The crystal structures of two ternary complexes of human spermine synthase (EC 126.96.36.199), one with 5′-methylthioadenosine and spermidine and the other with 5′-methylthioadenosine and spermine, have been solved. They show that the enzyme is a dimer of two identical subunits. Each monomer has three domains: a C-terminal domain, which contains the active site and is similar in structure to spermidine synthase; a central domain made up of four β-strands; and an N-terminal domain with remarkable structural similarity to S-adenosylmethionine decarboxylase, the enzyme that forms the aminopropyl donor substrate. Dimerization occurs mainly through interactions between the N-terminal domains. Deletion of the N-terminal domain led to a complete loss of spermine synthase activity, suggesting that dimerization may be required for activity. The structures provide an outline of the active site and a plausible model for catalysis. The active site is similar to those of spermidine synthases but has a larger substrate-binding pocket able to accommodate longer substrates. Two residues (Asp201 and Asp276) that are conserved in aminopropyltransferases appear to play a key part in the catalytic mechanism, and this role was supported by the results of site-directed mutagenesis. The spermine synthase·5′-methylthioadenosine structure provides a plausible explanation for the potent inhibition of the reaction by this product and the stronger inhibition of spermine synthase compared with spermidine synthase. An analysis to trace possible evolutionary origins of spermine synthase is also described.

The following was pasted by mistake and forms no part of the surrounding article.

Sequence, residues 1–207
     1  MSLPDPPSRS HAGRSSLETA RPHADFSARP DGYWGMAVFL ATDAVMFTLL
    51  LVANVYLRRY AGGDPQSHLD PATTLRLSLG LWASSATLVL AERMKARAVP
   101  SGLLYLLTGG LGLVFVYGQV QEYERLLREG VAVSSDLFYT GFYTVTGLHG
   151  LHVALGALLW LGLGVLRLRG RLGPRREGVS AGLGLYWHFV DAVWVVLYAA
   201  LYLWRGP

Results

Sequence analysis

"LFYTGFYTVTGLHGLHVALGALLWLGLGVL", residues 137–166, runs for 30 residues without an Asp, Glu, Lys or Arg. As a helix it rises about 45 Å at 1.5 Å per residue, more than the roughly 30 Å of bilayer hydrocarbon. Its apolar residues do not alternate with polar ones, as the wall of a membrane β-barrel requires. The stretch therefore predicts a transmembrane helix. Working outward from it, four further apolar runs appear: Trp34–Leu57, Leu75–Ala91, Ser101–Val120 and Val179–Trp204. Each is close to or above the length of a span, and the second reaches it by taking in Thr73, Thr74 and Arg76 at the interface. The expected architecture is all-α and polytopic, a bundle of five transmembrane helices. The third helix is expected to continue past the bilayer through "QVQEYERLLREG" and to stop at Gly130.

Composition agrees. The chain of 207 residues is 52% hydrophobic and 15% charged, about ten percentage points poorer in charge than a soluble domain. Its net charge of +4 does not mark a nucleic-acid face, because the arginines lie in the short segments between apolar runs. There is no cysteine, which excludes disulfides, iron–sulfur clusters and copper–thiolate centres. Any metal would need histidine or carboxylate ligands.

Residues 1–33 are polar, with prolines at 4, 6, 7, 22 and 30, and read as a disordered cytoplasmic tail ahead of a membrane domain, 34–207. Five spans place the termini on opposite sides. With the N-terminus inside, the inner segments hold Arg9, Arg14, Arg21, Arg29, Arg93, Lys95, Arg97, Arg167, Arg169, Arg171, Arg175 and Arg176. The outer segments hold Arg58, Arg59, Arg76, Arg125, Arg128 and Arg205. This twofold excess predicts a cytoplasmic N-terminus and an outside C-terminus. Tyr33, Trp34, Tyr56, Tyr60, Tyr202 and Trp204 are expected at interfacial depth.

All Science Journal Classification (ASJC) codes
- Molecular Biology
- Cell Biology